Tag Archives: Daniel Stern

R.I.P. Peter Yates

Peter Yates helmed three of the most iconic films of my life.

The first, Bullitt, simultaneously instilled Steve McQueen as the epitome of cool and provided what remains one of the best car chases ever filmed. Of course, the film boasted an incredible plot, a first-rate cast (Robert Vaughn, Simon Oakland, Don Gordon, Normal Fell) and even featured a young Robert Duvall as a cabbie. Yates used McQueen’s quiet and internal performance as a guide, and the silences in the film are as critical as the action; it continues to reveal nuances in later viewings. I can still watch the film beginning to end and thoroughly enjoy it even though I’ve seen it more than a dozen times.

The second, The Friends of Eddie Coyle, was a brilliant crime film set in Boston starring Robert Mitchum and Peter Boyle and featuring an excellent ensemble cast including Alex Rocco, Richard Jordan and Steven Keats. (Keats’ character was a gun runner named Jackie Brown; Quentin Tarantino would later pay tribute to this film by using that name.) Mitchum was excellent as the aging and desperate small timer trying to survive, it’s easily one of the best performances of his career. I still believe this underrated film is still one of the best crime thrillers ever made.

Years later, a small coming-of-age film set in Indiana would catch me off-guard. Breaking Away captured struggles that many have transitioning from adolescence to adulthood – the social caste system, the depth of infatuation and romance, the testing of friendships, the loss of innocence and acceptance of responsibility and consequence. Centered on four townies living in Bloomington whose lives are overwhelmed by the presence of Indiana University, the film uses the “Little 500” bike race as the catalyst to mirror the transition in everyone’s lives. Yates was blessed with a supporting a cast of pros (Barbara Barrie and Paul Dooley as Dennis Christopher’s parents) and soon-to-be-more-famous actors (Daniel Stern, Dennis Quaid, Jackie Earle Haley). An absolute feel-good movie.

Yates made other films I enjoyed – Suspect, Eyewitness, The Dresser among them – but these three are all time classics.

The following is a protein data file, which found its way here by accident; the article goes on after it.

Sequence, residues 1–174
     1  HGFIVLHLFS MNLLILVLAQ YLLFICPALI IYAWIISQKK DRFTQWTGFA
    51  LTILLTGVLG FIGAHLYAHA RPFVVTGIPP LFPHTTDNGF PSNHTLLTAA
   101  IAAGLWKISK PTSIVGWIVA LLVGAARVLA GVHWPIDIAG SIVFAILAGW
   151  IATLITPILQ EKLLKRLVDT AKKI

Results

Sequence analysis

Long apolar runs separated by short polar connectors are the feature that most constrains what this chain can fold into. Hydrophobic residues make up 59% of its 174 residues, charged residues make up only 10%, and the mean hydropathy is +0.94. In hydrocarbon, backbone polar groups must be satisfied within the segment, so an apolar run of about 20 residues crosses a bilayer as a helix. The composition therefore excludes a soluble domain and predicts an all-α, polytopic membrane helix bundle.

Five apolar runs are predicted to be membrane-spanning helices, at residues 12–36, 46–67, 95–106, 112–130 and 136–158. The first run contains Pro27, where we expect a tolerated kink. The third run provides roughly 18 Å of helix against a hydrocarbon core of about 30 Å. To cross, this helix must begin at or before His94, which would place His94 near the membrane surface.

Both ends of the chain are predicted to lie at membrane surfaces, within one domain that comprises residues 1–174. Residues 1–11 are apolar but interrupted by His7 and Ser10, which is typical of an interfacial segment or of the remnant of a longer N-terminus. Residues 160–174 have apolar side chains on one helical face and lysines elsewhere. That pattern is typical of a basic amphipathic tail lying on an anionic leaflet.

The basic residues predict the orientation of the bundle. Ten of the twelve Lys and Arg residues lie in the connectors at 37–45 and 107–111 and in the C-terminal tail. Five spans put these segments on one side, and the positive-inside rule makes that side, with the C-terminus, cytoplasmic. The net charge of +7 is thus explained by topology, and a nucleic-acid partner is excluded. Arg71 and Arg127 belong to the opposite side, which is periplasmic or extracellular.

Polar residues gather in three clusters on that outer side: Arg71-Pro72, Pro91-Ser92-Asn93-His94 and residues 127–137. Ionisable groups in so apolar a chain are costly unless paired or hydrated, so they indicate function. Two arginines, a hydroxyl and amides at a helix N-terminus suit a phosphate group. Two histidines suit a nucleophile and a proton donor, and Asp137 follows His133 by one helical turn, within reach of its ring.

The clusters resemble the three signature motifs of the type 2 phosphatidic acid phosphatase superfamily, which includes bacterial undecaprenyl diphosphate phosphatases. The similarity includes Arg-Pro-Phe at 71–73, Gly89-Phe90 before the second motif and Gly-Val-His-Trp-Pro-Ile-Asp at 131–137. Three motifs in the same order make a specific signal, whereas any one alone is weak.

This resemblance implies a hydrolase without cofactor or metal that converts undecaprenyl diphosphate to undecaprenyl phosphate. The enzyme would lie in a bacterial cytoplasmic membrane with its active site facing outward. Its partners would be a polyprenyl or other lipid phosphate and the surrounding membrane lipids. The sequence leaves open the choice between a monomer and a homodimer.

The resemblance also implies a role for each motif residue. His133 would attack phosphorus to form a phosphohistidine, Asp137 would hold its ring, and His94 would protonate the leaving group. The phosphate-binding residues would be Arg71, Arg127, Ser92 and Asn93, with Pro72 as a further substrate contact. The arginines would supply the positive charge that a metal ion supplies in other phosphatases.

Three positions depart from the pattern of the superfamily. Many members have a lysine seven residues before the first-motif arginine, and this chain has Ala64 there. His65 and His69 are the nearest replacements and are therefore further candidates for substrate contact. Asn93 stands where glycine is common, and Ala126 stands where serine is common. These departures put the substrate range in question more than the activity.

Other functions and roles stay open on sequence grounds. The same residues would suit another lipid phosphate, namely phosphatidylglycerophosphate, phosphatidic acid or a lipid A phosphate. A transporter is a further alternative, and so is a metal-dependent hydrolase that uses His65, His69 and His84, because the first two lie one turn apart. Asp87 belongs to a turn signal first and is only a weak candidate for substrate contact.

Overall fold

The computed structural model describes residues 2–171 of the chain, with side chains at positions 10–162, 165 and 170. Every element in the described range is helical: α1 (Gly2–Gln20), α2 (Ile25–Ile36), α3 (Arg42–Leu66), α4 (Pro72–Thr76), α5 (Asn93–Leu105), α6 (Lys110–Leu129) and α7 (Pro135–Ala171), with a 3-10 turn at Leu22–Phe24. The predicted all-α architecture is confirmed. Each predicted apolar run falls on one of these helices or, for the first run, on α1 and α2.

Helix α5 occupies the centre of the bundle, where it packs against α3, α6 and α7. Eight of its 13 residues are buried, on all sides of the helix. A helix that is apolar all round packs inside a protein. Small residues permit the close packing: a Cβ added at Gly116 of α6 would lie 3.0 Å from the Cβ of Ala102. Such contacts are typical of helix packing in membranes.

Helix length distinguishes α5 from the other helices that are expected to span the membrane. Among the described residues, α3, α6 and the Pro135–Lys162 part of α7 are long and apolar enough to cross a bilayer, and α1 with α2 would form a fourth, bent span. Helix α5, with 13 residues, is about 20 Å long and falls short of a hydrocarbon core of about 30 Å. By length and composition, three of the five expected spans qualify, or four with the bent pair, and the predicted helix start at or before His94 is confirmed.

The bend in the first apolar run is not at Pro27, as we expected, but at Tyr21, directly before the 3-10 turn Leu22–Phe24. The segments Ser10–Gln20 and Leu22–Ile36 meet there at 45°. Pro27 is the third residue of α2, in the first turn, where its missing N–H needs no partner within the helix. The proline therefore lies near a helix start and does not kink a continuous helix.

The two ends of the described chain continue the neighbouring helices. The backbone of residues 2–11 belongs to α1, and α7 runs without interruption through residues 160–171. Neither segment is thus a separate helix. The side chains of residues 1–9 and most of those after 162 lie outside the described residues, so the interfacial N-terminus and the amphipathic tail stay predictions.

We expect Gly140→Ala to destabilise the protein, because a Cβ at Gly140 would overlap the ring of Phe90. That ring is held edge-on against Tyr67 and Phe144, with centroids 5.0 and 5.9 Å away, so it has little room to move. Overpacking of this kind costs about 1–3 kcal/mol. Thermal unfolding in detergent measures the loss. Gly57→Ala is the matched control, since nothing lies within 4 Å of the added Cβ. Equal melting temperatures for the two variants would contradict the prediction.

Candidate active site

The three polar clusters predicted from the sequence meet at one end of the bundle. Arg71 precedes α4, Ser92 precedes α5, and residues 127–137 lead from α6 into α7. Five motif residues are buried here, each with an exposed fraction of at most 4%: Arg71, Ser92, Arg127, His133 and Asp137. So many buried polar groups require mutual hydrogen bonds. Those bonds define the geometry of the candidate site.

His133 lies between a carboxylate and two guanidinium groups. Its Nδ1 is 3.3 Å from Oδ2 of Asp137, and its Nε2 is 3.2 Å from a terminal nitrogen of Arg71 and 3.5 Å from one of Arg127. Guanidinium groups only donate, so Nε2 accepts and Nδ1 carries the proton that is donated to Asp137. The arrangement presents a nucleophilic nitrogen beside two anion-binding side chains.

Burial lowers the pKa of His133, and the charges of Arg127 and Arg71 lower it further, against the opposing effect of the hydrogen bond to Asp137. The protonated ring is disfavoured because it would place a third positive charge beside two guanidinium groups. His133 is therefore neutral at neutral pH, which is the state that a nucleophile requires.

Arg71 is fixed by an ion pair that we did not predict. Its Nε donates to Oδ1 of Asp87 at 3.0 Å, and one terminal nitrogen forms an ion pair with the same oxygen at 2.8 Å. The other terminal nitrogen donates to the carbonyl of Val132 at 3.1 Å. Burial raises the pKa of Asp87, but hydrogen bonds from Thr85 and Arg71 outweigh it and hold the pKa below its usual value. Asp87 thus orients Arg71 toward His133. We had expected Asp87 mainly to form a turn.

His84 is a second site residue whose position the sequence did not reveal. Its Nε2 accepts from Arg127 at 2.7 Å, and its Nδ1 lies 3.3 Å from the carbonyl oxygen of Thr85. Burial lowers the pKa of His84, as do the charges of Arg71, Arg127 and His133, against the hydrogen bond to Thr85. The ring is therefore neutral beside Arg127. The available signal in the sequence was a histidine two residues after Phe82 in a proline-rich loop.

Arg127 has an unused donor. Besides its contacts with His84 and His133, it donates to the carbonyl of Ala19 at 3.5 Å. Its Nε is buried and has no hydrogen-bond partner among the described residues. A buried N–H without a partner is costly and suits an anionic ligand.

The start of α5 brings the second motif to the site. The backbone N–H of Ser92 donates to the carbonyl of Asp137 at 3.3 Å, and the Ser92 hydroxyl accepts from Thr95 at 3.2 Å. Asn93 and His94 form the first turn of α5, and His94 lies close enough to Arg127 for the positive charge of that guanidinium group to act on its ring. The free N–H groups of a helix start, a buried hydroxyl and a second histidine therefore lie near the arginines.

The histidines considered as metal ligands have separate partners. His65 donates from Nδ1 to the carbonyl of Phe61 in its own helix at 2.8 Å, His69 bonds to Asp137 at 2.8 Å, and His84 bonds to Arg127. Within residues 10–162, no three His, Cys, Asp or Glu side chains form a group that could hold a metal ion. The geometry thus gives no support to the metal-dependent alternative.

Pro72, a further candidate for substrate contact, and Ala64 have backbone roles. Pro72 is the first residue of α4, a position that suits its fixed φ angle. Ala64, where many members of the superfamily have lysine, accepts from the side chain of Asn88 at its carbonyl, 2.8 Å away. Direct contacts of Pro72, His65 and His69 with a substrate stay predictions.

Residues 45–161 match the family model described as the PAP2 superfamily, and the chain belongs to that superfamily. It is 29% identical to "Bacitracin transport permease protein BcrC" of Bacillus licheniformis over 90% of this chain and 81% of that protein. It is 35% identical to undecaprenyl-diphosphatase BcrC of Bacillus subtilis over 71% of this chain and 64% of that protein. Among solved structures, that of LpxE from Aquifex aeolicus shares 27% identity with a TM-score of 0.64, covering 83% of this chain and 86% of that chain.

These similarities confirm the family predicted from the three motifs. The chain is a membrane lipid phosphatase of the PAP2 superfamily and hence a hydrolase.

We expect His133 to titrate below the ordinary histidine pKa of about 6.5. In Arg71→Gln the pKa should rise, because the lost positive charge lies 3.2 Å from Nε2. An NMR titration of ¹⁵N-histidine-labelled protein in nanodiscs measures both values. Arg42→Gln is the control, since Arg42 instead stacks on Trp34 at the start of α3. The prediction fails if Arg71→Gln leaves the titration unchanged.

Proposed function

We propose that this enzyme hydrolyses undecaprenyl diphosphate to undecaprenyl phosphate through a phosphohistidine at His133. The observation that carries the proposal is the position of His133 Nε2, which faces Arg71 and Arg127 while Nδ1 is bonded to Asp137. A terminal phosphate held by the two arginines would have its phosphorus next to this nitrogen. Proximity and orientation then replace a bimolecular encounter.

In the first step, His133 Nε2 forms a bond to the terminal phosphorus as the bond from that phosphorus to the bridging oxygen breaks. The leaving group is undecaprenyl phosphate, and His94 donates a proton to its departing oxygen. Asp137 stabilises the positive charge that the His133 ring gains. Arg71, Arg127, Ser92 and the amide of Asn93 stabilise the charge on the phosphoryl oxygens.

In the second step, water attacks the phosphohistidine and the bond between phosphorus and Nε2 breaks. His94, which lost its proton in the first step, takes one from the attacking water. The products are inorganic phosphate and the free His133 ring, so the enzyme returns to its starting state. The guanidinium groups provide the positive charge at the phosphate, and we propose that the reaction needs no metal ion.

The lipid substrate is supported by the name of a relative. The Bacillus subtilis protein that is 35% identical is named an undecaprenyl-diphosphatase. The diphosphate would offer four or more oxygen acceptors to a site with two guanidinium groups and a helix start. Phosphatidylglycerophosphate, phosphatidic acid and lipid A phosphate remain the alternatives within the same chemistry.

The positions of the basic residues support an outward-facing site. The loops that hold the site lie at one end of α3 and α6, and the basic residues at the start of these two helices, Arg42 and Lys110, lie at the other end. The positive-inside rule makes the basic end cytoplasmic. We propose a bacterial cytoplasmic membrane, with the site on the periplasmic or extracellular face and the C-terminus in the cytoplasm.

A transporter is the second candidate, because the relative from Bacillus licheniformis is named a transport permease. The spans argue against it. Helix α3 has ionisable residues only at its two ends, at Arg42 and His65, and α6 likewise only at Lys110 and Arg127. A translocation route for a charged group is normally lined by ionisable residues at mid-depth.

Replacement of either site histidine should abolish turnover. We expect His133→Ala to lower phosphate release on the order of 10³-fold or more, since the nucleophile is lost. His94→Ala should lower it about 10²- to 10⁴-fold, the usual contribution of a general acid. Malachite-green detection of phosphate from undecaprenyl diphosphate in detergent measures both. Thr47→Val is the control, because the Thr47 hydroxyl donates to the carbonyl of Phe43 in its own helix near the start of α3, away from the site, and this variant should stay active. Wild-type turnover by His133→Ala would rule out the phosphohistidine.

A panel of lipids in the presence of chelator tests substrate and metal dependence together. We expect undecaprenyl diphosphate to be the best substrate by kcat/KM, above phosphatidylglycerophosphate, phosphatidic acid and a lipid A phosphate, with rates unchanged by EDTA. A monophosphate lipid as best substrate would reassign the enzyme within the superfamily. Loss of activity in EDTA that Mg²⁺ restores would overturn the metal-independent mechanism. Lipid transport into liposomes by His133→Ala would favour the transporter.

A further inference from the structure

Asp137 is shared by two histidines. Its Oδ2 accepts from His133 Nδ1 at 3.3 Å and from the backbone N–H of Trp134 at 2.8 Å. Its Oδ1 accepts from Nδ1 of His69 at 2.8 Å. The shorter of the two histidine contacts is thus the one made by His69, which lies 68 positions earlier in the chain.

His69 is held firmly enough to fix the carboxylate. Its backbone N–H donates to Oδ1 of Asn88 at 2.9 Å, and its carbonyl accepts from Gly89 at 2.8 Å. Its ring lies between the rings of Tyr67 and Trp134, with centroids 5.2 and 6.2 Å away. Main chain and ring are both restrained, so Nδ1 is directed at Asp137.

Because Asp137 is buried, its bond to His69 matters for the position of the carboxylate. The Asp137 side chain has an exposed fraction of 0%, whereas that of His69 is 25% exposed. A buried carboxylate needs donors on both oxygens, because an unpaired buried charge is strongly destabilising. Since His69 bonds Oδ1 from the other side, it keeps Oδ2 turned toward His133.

Yates, a four-time Oscar nominee, was 82.

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T.G.I.F. – Ten Smiles of the Week

Barry Levinson’s great film Diner remains one of my favorite movies, ever. Wonderful cast – Daniel Stern, Mickey Rourke, Ellen Barkin, Paul Reiser, Kevin Bacon and many more – and although the coming of age story predates my own, I can identify with the feeling of juggling hope and hopelessness one encounters when transitioning into a more responsible life. Music geeks will identify with Shrieve; his obsessive knowledge of the tiniest fragment of information on a record, his frustration when his wife can’t follow his complicated system and misfiles his albums after playing them.

Bacon plays an irreverent, drunken guy who just doesn’t take anything seriously; he’s in it for the laughs. When something great happens, he often declares that it’s the “smile of the week“.

I’ll take a slight liberty with his phrase for my TGIF theme this week and list ten things that brought a smile to my face during a week when I really needed it. So enjoy these Ten Smiles Of The Week

(01) Australian comic genius Jim Jefferies

(02) Gov’t Mule playing Neil Young‘s Rockin’ In The Free World

(03) What Tina Fey really said during the Mark Twain Award ceremony.

(04) Rich Vos killing at the Jim Florentine Roast

(05) The Futon Critic‘s list of remaining TV episodes.

Great album!

(06) Brendan Benson and The Posies playing “September Gurls

(07) Newly revised NFL logos (don’t miss page 2 as well)

(08) How to make millions…by farming!

(09) Titus Welliver, who makes any show better just by being in it.

(10) Daniel Stern and Ellen Barkin in that scene from Diner.

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Filed under Comedy, Film/TV, Music